The United States is a very large country. Before passenger aircraft were introduced, long distance travel for most Americans was a major inconvenience. To drive across the country, allowing time for rest, would take four or five days. Today, the ability to travel across our vast country quickly is important not only to conduct business but also for tourism and the economy. By flying on passenger planes, it now takes only five hours to travel across the continental United States. According to this Federal Aviation Administration (FAA) Infographic, 2,586,582 domestic and international passengers fly everyday. Aviation supports more than 10.5 million jobs just in the U.S. annually.

Passengers enjoy the convenience of jet aircraft travel but so many of us are unaware of the history of the jet engines that make it possible. Why was jet propulsion important? Who invented the turbojet engine? What was a major obstacle during its development? When was it first used to propel an aircraft on sustained flight?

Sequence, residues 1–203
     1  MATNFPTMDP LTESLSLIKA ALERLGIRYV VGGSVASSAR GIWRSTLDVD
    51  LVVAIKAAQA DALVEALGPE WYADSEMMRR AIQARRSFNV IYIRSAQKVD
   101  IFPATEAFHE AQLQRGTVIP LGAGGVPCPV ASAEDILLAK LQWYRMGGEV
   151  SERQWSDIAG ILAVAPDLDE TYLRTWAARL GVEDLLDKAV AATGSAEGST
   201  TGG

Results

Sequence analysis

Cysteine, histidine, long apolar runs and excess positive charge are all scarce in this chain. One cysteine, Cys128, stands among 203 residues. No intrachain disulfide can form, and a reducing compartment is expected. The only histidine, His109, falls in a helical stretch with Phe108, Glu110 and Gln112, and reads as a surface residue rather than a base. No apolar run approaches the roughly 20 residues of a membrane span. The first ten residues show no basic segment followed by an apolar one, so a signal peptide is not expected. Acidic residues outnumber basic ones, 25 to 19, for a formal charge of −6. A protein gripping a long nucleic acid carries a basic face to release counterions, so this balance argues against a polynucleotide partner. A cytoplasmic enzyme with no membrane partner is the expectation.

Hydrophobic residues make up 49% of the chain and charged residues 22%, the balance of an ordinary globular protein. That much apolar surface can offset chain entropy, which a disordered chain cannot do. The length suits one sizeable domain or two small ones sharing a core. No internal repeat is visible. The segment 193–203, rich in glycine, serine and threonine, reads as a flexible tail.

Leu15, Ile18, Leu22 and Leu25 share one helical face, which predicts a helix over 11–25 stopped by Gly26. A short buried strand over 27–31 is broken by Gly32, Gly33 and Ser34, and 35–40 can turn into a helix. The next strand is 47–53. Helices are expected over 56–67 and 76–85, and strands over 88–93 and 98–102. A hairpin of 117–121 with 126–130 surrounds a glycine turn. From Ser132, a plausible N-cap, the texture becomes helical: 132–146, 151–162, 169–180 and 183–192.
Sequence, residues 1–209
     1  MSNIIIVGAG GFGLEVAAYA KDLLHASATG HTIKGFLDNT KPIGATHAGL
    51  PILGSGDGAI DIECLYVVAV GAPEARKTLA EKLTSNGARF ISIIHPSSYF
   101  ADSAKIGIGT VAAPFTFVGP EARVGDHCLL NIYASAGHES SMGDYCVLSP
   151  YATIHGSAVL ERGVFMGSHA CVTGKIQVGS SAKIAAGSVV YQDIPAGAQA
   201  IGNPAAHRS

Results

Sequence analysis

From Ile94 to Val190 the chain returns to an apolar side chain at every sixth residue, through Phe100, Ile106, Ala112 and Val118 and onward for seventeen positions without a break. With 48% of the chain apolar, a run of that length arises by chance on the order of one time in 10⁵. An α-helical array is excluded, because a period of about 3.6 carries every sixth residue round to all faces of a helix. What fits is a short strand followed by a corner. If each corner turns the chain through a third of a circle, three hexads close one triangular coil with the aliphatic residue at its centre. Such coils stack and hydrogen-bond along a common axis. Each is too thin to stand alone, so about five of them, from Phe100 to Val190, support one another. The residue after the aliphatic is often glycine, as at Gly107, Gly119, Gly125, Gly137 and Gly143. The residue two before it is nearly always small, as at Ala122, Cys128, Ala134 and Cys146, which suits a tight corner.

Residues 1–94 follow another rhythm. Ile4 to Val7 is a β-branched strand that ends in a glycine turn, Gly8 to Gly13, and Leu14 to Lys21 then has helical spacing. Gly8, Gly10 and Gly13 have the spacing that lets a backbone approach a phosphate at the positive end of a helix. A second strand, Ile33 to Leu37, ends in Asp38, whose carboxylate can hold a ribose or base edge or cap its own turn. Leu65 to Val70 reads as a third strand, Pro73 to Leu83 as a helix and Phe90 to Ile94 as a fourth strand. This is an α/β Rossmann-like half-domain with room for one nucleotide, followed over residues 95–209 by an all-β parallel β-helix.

This Jet Friday edition covers the history of Air Commodore Sir Frank Whittle, who is credited with singlehandedly inventing the turbojet engine. We hope you enjoy a little history and we invite you to share this article with your friends and colleagues. If you like this article, check out more of our #JetFriday articles.

Jet Engine History published by Largest Dams

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F-16 Fighting Falcon Timeline

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